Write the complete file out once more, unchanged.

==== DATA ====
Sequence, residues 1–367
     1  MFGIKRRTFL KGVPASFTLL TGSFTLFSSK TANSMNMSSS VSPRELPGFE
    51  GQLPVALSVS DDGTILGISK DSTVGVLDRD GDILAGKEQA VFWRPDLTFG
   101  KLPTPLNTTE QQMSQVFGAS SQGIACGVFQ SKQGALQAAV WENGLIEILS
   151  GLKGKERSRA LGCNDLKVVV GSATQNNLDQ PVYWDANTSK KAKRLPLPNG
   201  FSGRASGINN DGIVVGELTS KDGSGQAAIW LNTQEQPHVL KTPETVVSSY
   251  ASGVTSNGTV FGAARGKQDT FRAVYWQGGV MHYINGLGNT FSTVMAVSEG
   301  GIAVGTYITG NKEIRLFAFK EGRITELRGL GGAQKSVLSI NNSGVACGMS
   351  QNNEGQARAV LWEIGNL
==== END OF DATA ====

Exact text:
Sequence, residues 1–367
     1  MFGIKRRTFL KGVPASFTLL TGSFTLFSSK TANSMNMSSS VSPRELPGFE
    51  GQLPVALSVS DDGTILGISK DSTVGVLDRD GDILAGKEQA VFWRPDLTFG
   101  KLPTPLNTTE QQMSQVFGAS SQGIACGVFQ SKQGALQAAV WENGLIEILS
   151  GLKGKERSRA LGCNDLKVVV GSATQNNLDQ PVYWDANTSK KAKRLPLPNG
   201  FSGRASGINN DGIVVGELTS KDGSGQAAIW LNTQEQPHVL KTPETVVSSY
   251  ASGVTSNGTV FGAARGKQDT FRAVYWQGGV MHYINGLGNT FSTVMAVSEG
   301  GIAVGTYITG NKEIRLFAFK EGRITELRGL GGAQKSVLSI NNSGVACGMS
   351  QNNEGQARAV LWEIGNL